Queen to open museum’s tech gallery


Published: Friday 24th October 2014 by The News Editor

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The Queen will be shown technological wonders from the past 200 years when she opens a major new gallery at the Science Museum today.

The new attraction features more than 800 objects and explores how breakthroughs have transformed the way people have communicated since the early 19th century.

Called the Information Age, the gallery will cover everything from the first transatlantic telegraph cable, which connected Europe and North America in minutes rather than weeks, to the advanced computing power of the modern smartphone.

Other highlights that will be shown to the Queen and Duke of Edinburgh include a colourful mobile call box from Cameroon and a section recounting the significance of the 1953 Coronation television broadcast.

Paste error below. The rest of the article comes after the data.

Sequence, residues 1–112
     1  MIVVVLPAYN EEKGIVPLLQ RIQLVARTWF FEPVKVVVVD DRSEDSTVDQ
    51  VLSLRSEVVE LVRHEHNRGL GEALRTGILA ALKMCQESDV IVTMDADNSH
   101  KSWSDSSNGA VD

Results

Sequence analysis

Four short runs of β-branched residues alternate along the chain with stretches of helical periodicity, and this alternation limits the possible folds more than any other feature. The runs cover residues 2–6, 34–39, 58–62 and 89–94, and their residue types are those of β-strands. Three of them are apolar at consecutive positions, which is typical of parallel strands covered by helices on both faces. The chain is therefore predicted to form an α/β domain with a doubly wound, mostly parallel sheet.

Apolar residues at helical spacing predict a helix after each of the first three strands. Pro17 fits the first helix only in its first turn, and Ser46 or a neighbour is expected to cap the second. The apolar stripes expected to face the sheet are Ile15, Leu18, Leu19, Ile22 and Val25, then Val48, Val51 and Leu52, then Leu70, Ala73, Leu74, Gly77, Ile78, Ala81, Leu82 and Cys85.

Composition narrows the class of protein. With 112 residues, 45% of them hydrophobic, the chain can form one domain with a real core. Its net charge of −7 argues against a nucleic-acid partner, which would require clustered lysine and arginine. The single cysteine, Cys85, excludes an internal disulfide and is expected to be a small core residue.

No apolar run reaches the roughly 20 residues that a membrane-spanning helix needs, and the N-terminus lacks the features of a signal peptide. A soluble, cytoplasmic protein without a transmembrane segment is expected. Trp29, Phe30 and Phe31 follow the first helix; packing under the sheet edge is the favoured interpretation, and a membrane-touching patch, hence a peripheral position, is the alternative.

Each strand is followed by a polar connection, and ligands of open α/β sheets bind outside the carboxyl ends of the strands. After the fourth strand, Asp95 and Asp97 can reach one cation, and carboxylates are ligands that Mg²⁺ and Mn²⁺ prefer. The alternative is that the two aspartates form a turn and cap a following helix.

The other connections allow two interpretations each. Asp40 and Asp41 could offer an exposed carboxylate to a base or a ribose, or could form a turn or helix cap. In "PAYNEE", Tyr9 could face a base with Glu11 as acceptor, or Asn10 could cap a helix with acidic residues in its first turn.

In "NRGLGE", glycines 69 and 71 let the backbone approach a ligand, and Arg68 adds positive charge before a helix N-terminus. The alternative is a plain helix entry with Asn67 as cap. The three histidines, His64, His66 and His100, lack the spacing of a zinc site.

Ian Blatchford, director of London’s Science Museum, said: “As the single largest gallery inside the Science Museum, Information Age is one of our most ambitious projects ever.

“Combining our world-beating communications and computing collections with the latest digital technology and interactive experiences, this gallery will reinvigorate the heart of the museum. We are grateful to all our funders for making this important gallery a reality.”

The new gallery cost £15.6 million to create and the figure includes a £6.3 million grant from the Heritage Lottery Fund.

From Saturday the public will be able to explore the attraction, which tells the story of communication in the modern age through six areas – the electric telegraph, telephone exchange, radio and television broadcasting, satellite communications, computer networks and mobile communications.

Visitors will be able to see William Thomson’s original galvanometer used to receive the first telegraph messages sent across the Atlantic between President Buchanan and Queen Victoria in 1858.

And the original Marconi radio transmitter that made the first public broadcast in 1922 with the famous words ‘This is 2LO calling’ – announcing the arrival of the BBC and the birth of British broadcasting – will be on show.

Published: Friday 24th October 2014 by The News Editor

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